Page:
Heat a poker, or a longish piece of reinforcing rod, in a fire, until it starts to glow red, and then plunge it into the top of the glass bottle and into the water. The glass will cleanly break at the juncture between the water and the oil. The remarkable thing about this is that the edges of the glass were not sharp. For some reason, this process does not work with beer bottles.

        40

      • #
        yonason

        Thanks. Wasn’t aware of that. Always thought it was suspect.

        As to exploding glass, it’s apparently happening a lot, and due to sloppy workmanship.
        http://www.theage.com.au/victoria/exploding-glass-balconies-in-melbourne-apartments-expose-faulty-building-products-20170628-gx0lwf.html

        http://www.winknews.com/2016/05/11/a-danger-lurking-in-your-home-exploding-glass/

        Apparently they have the potential to be quite harmful, so glad to hear you weren’t hurt.

        00

  • #

    Glad you’re OK. Jo and Co.

    50

  • #
    William

    What is the matter with you people?
    This is all obviously the fault of George Bush. Or is it Donald Trump?
    Some days I just get so confused.

    70

  • #
    Rereke Whakaaro

    All glass has a resonant frequency at the molecular level, depending upon it’s chemical composition, thickness, sheet dimensions, etc.

    There are stories about parakeets that could whistle at a certain frequency, and break glass.

    40

    • #
      Lewis P Buckingham

      An example of forced resonance, so not sympathetic, is sonic booms, which break it anyway.
      For some years I wondered how the AdShells at bus stops were being shattered near home.
      These were large sheets of glass.
      What happened was a team of four drunks linked hands and threw themselves at the pane, stepped back in unison and the most astute
      commanded them to hit it again in concert, at the maximum wave toward them.
      This process was repeated as the wave form amplified, until the pane shattered to the cheers of the players.
      Next day the AdShell team would put in another pane and clean up the safety glass in time for the next Saturday Night fun.
      Eventually AdShell went plastic/polycarbonate.

      50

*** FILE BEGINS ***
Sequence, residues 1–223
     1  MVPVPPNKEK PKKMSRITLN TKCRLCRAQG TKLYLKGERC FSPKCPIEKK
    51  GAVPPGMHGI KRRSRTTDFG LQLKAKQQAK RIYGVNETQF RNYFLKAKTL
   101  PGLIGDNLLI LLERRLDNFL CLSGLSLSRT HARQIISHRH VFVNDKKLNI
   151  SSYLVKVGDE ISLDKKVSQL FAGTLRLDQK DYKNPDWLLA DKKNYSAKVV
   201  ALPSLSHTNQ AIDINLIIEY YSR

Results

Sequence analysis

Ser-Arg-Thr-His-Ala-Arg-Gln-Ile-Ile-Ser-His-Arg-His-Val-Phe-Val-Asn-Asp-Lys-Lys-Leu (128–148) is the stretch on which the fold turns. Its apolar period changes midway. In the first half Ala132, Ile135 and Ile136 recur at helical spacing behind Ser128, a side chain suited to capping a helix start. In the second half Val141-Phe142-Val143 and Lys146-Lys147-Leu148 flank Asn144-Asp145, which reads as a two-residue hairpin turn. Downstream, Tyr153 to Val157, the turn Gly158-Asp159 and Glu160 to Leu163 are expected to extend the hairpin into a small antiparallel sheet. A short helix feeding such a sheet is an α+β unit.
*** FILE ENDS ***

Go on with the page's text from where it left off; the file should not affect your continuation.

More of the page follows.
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  • #
    • #
      ROM

      Resonances in wine glasses;

      For those who haven’t tried it and it only works on some higher quality wine glasses.

      First drink all the wine in the glass. If you have time to drink a second glass due to others being a bit slow, take your opportunity.

      it helps loosen any inhibitions you might have about your host’s possible and very likely non positive reactions to the assault upon his / her and other guest’s auditory systems.
      The other requirement for emptying the glass is that this only works on empty clean glasses and not all of them at that.

      Wet you forefinger and run it around and around the rim of the glass for a period which could be a half minute or more
      The glass if it is amenable to resonances , it will begin to “sing” with a high to very high pitch as you continue to run your finger around the rim of the glass.

      If you and your mates can get a half a dozen glasses all singing at once, you will have the other patrons holding their heads and grimacing badly and complaining loudly and it is just about guaranteed to get you thrown out of most eateries unless you promise to stop immediately.

      50

      • #
        Annie

        ROM, we used to do that at home. It didn’t need to be a wine glass necessarily. A fine rimmed glass usually worked well. The sound was considerably less annoying than that produced by blowing on a blade of grass held sideways on between the thumbs. I am guilty of teaching our grandchildren how to do this!

        60

      • #
        jorgekafkazar

        But it’s such fun to have a half dozen or more glasses all going at the same time!

        10

  • #
    DaveR

    Nickel sulphide inclusions

    Nickel sulphide crystals are preserved in their high temperature crystalline form when the glass is formed by quenching a silicate liquid to an amorphous solid (glass). Therefore, the NiS crystal is metastable at low temperatures, and will eventually revert to its low temperature crystalline form in time – with a volume expansion and shattering.